The two top executives from the Jewelers Security Alliance—president John J. Kennedy and vice president Scott Guginsky—led a seminar Friday on crime prevention, “How Can a Jeweler Spot Criminals on the Road or in the Store?,” that analyzed 10 red flags that could indicate a possible crime.
The punchy presentation was punctuated by a slideshow of security-camera photos capturing real-life criminals.
“Inform the person that you would be happy to serve them as soon as they finish their call,” he said. “If you have someone who’s on their phone the entire time you’re dealing with them, you have a problem.”
Customers refusing to take off their dark sunglasses (and aren’t elderly) should also put retailers on alert. “Do people look at diamonds with sunglasses on?” asked Kennedy. “No.” A hat pulled down low over a face and clothing that doesn’t match the weather (think big puffy coats in the summer) are other red flags.
“You wear jackets like that when it’s warm because you have a gun under your jacket,” said Guginsky, a former NYPD officer. “Or they could also be hiding a bulletproof vest.”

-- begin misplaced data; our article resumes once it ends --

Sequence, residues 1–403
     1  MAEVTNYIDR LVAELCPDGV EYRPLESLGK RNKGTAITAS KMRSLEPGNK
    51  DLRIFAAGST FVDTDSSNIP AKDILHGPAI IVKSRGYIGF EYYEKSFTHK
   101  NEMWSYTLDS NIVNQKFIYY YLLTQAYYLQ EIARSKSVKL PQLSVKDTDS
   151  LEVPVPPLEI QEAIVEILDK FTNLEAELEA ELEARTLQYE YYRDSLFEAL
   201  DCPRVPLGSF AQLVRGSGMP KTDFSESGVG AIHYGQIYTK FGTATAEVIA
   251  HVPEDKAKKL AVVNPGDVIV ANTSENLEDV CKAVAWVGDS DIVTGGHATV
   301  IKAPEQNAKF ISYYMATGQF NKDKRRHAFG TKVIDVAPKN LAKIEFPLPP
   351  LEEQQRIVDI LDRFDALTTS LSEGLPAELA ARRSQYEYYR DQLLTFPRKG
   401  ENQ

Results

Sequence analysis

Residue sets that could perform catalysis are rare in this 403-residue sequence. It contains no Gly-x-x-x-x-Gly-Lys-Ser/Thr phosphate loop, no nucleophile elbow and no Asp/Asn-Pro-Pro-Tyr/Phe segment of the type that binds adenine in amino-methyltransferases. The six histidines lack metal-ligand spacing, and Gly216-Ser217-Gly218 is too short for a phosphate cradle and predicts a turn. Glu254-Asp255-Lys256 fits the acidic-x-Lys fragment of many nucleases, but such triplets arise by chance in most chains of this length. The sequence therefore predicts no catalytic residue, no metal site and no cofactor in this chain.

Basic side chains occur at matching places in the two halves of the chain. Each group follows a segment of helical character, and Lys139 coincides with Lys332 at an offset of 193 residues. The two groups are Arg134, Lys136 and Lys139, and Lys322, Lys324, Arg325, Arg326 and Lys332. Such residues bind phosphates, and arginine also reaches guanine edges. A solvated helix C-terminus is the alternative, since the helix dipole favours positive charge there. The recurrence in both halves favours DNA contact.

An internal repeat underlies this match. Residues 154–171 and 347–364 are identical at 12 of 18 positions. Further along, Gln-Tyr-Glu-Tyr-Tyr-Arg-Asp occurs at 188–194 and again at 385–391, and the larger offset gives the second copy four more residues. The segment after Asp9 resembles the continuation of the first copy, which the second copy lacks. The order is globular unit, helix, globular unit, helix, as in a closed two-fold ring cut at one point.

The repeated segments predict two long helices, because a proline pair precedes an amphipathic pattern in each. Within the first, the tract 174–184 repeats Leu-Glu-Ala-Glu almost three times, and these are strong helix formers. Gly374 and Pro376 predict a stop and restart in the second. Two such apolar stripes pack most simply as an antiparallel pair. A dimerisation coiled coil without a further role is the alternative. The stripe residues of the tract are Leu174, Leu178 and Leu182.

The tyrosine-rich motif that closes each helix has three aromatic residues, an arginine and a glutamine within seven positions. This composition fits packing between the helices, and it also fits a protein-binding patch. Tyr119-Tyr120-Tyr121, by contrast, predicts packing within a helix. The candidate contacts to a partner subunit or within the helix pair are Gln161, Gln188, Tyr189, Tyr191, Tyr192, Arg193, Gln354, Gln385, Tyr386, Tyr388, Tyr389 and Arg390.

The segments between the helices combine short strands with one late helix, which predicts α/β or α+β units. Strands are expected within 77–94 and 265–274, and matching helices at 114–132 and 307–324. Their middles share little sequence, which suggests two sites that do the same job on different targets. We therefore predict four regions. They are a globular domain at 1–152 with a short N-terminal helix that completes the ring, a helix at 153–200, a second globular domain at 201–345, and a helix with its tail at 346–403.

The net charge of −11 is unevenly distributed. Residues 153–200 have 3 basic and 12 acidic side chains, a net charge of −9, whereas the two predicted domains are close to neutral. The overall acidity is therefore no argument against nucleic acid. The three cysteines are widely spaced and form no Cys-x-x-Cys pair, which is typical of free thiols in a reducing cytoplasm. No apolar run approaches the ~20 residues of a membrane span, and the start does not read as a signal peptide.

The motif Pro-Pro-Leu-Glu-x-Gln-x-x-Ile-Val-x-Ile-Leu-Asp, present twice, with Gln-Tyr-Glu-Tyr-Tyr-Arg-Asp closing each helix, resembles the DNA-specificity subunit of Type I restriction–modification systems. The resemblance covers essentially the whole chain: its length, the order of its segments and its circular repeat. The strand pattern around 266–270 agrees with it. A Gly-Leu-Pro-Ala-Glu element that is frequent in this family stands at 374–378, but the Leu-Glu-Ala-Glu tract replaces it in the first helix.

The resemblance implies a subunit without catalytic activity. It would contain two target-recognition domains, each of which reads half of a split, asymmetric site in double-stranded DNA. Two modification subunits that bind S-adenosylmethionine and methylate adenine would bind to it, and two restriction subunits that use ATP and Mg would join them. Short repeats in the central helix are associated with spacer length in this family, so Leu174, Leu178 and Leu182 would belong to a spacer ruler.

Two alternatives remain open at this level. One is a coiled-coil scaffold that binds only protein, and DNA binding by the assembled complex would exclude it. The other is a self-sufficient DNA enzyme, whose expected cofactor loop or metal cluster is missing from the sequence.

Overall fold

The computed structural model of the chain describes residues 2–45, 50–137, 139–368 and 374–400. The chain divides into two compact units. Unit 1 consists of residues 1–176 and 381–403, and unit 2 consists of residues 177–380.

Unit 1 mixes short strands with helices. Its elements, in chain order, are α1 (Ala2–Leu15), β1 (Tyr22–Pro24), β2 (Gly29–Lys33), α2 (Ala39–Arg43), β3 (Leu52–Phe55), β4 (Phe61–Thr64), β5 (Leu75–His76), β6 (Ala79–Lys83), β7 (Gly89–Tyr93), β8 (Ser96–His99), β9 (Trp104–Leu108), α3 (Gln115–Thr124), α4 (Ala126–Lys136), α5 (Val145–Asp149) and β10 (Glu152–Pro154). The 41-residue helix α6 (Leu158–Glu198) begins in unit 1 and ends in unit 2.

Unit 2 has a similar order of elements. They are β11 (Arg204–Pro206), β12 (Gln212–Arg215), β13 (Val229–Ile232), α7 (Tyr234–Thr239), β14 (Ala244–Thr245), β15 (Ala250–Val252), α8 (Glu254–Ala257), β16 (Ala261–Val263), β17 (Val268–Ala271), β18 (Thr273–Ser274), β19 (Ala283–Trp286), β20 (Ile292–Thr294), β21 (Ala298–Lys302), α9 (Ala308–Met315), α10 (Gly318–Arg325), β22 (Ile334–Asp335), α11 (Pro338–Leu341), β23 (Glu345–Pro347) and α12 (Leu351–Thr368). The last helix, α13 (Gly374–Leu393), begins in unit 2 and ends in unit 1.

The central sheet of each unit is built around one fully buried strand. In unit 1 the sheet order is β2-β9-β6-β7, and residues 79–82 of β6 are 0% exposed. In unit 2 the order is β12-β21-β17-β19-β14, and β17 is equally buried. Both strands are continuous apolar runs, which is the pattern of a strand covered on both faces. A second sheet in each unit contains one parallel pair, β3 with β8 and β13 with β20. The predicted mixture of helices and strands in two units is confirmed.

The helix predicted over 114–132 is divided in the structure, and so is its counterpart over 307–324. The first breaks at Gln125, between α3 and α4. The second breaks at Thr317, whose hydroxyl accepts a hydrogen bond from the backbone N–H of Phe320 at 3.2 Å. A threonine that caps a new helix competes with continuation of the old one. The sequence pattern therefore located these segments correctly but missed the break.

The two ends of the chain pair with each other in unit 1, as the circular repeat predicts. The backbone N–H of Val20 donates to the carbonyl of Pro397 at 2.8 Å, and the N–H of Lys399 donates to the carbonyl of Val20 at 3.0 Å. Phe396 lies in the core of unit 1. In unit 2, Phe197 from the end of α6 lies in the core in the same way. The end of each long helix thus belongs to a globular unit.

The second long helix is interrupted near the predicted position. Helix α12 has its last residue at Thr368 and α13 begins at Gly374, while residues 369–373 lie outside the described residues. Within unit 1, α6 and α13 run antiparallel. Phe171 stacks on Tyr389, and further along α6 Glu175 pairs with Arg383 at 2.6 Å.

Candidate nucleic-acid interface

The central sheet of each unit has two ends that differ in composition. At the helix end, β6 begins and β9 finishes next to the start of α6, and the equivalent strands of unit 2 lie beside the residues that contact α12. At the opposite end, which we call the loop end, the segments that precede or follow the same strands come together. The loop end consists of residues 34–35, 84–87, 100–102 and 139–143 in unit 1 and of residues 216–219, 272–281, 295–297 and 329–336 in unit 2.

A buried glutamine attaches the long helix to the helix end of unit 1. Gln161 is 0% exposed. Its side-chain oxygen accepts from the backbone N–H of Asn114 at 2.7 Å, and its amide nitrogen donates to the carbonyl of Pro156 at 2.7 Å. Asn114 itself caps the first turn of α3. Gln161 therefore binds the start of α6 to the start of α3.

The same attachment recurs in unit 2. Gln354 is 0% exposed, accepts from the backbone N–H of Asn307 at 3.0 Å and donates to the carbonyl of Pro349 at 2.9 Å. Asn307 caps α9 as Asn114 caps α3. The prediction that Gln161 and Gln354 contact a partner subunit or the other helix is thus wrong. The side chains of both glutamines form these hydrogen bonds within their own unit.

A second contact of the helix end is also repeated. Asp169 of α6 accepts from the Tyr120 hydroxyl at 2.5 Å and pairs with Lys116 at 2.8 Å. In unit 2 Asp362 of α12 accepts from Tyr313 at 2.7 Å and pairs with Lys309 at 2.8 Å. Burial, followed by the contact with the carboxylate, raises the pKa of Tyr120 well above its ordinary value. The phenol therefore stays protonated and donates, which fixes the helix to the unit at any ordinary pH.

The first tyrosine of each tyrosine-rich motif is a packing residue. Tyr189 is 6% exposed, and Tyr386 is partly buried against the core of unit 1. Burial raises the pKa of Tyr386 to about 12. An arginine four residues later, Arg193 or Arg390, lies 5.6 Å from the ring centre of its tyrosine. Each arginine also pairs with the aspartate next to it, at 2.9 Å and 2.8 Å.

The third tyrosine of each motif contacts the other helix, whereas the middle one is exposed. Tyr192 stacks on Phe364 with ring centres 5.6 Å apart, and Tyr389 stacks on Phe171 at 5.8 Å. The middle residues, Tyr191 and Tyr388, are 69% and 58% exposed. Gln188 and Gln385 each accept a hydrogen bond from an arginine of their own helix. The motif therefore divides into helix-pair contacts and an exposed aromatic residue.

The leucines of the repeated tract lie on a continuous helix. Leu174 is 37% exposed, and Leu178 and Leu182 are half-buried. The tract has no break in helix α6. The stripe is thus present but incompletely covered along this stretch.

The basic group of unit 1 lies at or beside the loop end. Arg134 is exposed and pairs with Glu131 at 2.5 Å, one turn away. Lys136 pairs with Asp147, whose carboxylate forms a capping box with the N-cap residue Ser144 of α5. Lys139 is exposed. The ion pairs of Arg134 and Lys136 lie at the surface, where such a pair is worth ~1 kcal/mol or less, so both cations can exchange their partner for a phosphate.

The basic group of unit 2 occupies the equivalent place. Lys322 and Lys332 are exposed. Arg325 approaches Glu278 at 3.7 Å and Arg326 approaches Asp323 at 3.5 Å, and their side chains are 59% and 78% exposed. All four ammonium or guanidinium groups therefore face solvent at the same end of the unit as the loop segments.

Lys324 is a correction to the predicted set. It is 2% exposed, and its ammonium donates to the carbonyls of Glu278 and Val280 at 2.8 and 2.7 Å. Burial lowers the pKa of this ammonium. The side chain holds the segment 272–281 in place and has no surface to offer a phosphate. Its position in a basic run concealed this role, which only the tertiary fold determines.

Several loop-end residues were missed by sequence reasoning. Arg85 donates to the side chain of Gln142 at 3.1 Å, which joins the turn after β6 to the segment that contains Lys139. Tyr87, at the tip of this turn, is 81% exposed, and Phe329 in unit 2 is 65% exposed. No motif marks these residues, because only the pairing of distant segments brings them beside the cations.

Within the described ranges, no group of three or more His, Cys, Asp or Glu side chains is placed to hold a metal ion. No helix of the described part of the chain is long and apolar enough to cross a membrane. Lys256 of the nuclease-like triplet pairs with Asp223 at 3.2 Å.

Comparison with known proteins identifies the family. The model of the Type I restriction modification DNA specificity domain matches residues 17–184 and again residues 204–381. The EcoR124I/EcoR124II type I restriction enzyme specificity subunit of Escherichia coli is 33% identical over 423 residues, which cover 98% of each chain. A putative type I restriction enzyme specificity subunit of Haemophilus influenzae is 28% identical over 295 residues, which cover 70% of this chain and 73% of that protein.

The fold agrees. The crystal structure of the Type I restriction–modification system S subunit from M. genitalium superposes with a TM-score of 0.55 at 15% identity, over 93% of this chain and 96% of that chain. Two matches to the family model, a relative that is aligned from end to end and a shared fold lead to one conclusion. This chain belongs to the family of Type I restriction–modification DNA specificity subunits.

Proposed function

Shoppers who come into a store as part of a large group should also be watched closely. “Will you be able to adequately protect your merchandise with a large number of people in your store?” asked Kennedy. Guginsky warned about the tricky tactics of gypsy gangs who create elaborate distractions to nab jewels. He recalled seeing footage of “one woman wearing flowing clothes crawling into the back room on her stomach, putting a ton of stuff under her clothes, and crawling back out” while her family members distracted employees.
A shopper asking to see the most expensive item in the store should be observed very carefully as well, added the security experts, who recommend establishing a price threshold where staffers ask to see identification when a consumer wants to try on something superexpensive. (Tip: Blame it on “insurance company rules.”)
Consumers who are a little too curious about store hours, security equipment, and staffing should also set off your inner alarm. “Nobody should be looking up at the ceiling at surveillance cameras,” said Guginsky. “Sometimes when you go back and look at surveillance, you see them looking up and seeing where cameras are. The signs are always there.”